The Critics Vote

  • General consensus: three and a half stars. Ebert 4/4, Berardinelli 3.5/4, BBC 4/5

  • Oscar-nominated for the screenplay and Halle Berry's performance. Many feel Thornton should have been nominated as well.

The People Vote ...

  • With their votes ... IMDB summary: IMDB readers say 7.8/10
  • with their dollars ... Profitable. $4 million budget, $31 million gross, although never in as many as 800 theaters.
IMDb guideline: 7.5 usually indicates a level of excellence, about like three and a half stars from the critics. 6.0 usually indicates lukewarm watchability, about like two and a half stars from the critics. The fives are generally not worthwhile unless they are really your kind of material, about like two stars from the critics. Films under five are generally awful even if you like that kind of film, equivalent to about one and a half stars from the critics or less, depending on just how far below five the rating is.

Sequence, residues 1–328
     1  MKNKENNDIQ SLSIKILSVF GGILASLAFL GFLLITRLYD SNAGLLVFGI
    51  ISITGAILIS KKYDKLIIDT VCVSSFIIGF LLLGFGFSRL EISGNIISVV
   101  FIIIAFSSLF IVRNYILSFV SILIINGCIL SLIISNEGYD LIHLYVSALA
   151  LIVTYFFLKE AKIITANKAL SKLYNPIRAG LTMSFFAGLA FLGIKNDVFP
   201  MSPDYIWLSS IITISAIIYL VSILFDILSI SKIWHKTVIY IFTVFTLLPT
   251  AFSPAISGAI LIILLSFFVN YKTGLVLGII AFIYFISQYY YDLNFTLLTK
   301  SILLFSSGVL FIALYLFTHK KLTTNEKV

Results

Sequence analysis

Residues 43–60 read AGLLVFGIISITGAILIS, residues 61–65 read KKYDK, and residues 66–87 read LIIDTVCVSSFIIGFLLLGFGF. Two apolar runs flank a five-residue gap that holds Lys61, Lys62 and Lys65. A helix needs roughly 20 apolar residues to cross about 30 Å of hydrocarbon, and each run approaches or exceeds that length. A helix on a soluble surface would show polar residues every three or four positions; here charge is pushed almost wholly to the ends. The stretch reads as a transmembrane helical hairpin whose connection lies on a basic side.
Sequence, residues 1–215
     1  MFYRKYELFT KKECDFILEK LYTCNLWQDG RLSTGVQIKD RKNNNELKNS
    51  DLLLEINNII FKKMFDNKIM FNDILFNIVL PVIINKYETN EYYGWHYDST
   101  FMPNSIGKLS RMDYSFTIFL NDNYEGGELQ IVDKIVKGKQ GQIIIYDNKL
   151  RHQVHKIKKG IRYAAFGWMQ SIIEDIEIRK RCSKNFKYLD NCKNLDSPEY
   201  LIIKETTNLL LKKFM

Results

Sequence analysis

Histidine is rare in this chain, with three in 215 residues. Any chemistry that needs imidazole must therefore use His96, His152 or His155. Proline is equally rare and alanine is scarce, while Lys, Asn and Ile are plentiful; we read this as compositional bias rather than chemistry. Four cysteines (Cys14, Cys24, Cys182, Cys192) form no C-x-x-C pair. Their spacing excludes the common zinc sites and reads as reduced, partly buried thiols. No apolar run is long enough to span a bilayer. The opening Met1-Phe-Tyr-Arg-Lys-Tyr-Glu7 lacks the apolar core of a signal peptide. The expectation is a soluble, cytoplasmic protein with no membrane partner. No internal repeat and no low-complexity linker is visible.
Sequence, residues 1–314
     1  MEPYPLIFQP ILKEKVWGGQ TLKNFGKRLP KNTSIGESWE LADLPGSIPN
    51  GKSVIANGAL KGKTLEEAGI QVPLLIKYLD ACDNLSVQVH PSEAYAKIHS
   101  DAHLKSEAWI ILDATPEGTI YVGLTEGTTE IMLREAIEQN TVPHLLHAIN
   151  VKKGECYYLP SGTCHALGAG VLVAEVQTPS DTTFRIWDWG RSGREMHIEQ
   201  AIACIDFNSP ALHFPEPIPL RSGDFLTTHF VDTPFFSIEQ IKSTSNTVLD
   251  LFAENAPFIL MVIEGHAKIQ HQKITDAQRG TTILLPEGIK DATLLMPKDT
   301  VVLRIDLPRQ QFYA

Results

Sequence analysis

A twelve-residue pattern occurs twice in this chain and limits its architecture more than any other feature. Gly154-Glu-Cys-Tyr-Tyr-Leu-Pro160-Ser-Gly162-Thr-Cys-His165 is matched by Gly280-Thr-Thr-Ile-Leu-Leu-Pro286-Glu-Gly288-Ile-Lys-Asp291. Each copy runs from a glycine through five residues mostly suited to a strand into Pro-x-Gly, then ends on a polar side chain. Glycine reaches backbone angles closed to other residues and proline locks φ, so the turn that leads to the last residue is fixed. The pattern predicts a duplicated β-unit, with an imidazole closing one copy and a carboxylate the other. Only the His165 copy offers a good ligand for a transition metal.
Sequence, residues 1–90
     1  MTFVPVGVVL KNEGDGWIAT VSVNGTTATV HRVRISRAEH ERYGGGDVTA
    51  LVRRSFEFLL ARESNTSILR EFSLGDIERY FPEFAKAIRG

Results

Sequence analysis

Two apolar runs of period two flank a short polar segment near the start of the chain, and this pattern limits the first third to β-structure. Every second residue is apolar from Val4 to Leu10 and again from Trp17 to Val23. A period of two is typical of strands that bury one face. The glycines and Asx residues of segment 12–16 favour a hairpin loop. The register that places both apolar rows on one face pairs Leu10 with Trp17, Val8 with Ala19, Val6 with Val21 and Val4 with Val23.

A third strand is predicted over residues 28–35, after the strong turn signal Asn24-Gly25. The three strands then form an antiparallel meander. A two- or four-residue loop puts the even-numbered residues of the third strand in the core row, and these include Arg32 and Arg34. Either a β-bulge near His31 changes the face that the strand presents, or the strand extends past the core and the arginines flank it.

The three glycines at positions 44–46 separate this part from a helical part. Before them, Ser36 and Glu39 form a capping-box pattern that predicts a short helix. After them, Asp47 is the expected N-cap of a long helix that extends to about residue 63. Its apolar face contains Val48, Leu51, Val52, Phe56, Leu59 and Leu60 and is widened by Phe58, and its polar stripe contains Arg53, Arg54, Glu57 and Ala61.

My own guideline: A means the movie is so good it will appeal to you even if you hate the genre. B means the movie is not good enough to win you over if you hate the genre, but is good enough to do so if you have an open mind about this type of film. C means it will only appeal to genre addicts, and has no crossover appeal. D means you'll hate it even if you like the genre. E means that you'll hate it even if you love the genre. F means that the film is not only unappealing across-the-board, but technically inept as well.

Based on this description, this film is a C+ (both reviewers), but a really depressing C+. A character study in which you hate all the characters. A love story in which you don't care much for either lover. A movie in which the acting is far better than the material they started with.